Contract negotiations between the Vermont State Colleges and some staff disintegrated in July. The standstill remains, and it’s recently spawned a petition, a legislative proposal, and a rally Monday on the Statehouse steps.
After the impasse was officially declared, the Vermont State Employees Association (VSEA), which represents the approximately 250 administrative and service employees, eschewed a closed-door approach in favor of a full-fledged public campaign, with support from two other unions active at the Vermont State Colleges (VSC).
On Monday, more than 80 people from several different unions made repeated calls — through microphones, megaphones and call-and-response chants — for salary increases that would bring all staff up to a livable wage. The median salary for the VSEA-represented staff is $14.74.
Chancellor Tim Donovan released a statement on Sept. 6 that briefly outlined the VSC’s stance.
“The joint declaration of impasse is a disappointment. Nonetheless, we have confidence in the process established in Vermont labor law and do not intend to negotiate through the media,” the statement said.
Mediation is scheduled for the end of September. If that fails, the Labor Relations Board will conduct a fact-finding mission. As a last resort, the board will impose a contract. Until an agreement is reached, the old contract, which expired June 30, will stay in effect.
Negotiations stalled, according to VSEA policy analyst Adam Norton, when the VSC sought to cut its contribution to retirement benefits for staff from 12 percent of salary to 9 percent, and require retired staff to start paying 50 percent of their health care premiums.
According to the chancellor’s statement, those steps are necessary because the VSC needs to address its “underfunded” and “not sustainable” post-retirement health insurance fund, which hovers at about $144 million.
“In our negotiations, the union sought salary increases that were almost triple anything aligned with the VSC’s revenue projections and urged the VSC to ignore the realities of its post-retirement health insurance obligation to its employees,” the chancellor’s statement said.
But VSC staff say the chancellor’s office has been fiscally imprudent because it didn’t address the liability earlier, and, as low-paid employees, they shouldn’t have to pay the price.
“This is something they should have been paying for all along,” Billie Langlois, an acquisitions coordinator at the Castleton State College library, said at the rally on Monday.
Sandy Noyes, a faculty assistant at Johnson State College, said the changes “would mean getting a job after I retire.”
Representatives from two other unions at VSC — United Professionals, which represents professional administrative and technical employees, and the Faculty Federation — came to the VSEA rally with their own banners.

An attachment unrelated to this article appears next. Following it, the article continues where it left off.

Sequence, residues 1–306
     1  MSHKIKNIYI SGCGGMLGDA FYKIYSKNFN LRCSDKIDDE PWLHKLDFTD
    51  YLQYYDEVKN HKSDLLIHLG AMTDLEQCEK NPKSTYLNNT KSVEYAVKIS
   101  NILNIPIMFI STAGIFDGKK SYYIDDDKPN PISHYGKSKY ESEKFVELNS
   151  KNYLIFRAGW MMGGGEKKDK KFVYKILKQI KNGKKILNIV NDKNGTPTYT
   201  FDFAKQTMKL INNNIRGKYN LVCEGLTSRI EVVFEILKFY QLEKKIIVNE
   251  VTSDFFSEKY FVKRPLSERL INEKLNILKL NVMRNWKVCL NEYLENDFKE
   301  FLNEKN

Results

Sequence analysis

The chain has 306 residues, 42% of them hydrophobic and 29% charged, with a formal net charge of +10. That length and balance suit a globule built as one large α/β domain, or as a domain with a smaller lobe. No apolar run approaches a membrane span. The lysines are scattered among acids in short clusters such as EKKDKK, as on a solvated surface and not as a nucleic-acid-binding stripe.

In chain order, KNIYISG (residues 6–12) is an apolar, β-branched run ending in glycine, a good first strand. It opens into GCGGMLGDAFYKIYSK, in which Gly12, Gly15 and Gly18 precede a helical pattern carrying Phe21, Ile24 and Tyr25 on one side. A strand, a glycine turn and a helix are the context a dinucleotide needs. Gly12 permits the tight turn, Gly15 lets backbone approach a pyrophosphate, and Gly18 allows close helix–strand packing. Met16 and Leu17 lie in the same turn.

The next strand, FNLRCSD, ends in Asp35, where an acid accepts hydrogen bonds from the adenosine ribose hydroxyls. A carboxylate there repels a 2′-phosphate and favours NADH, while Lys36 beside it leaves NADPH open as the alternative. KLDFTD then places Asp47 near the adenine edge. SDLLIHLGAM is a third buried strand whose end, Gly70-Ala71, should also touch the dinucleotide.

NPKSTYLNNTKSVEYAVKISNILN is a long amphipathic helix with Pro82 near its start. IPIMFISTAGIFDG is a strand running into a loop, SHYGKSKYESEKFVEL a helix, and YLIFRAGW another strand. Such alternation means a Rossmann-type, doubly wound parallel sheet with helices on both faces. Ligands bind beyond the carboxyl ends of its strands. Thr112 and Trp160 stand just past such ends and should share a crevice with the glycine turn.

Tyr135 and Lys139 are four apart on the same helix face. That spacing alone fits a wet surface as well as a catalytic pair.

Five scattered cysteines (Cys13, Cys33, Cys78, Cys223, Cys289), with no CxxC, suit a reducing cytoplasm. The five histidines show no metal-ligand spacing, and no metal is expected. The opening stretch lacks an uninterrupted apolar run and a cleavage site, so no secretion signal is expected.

VSC and the United Professionals are also at an impasse in their negotiations, which stretched on for two years. Faculty contracts expire next summer, and the health insurance liability is expected to surface during those collective bargaining negotiations as well.
In response to the impasse, the VSEA launched what it’s calling a “livable wage campaign” to call attention to what it describes as unacceptably low salaries for VSC staff and to urge the chancellor to support pay increases. A petition in support of their efforts has 1,200 signatures.
According to the VSEA’s calculations, 60 percent of the unionized staff don’t make a livable wage, which the Joint Fiscal Office identifies as $15.74/hour for a single person; 24 percent make less than $12.50/hour.
VSC officials dispute that percentage, arguing that it assumes staff have single-person households, and doesn’t take into account a generous benefits package. Norton acknowledged that the figure is an approximation, but, he said, the exact percentage is beside the point. “Regardless, these folks really need a raise and they really need to get off public assistance.”
The chancellor’s statement emphasized past salary increases and benefits, citing an average annual salary increase of 5.5 percent over the last four years, “excellent health insurance benefits,” with staff paying an average of less than 7 percent of premium costs, and the 12 percent retirement contribution.
But VSC staff at Monday’s rally said the solid benefits package compensates for a paltry salary. Langlois said the retirement benefits at VSC were a “huge factor” in her decision to take her job, and VSC, by putting them on the bargaining table, has broken a promise. “We’ve taken a lower salary because we were promised these retirement benefits.”
Another salary has entered the discussion — that of the chancellor. Donovan makes roughly $200,000 a year, plus $70,000 in benefits, and the use of a car. Speakers at the rally compared the “lavish golden parachutes” that administrators receive to the $9.64/hour salaries earned by the lowest-paid VSC staff.
According to a VSC official, Donovan’s salary is modest compared to those at other state colleges.
More state funding desired
A backstage culprit in the dispute is low state funding. Both the chancellor’s office and VSC staff agree that the VSC deserves more state dollars, and an infusion of money from the Legislature could solve their dispute.
One lawmaker was present at the rally — Rep. Susan Hatch Davis, P/D-West Topsham. She outlined a legislative proposal that members of the Working Vermonters Caucus plan to introduce in January. It would set a minimum wage of $12.50/hour for VSC employees, and limit the difference in salary between the highest and lowest paid employees to a factor of eight. There was no mention, however, of an additional appropriation.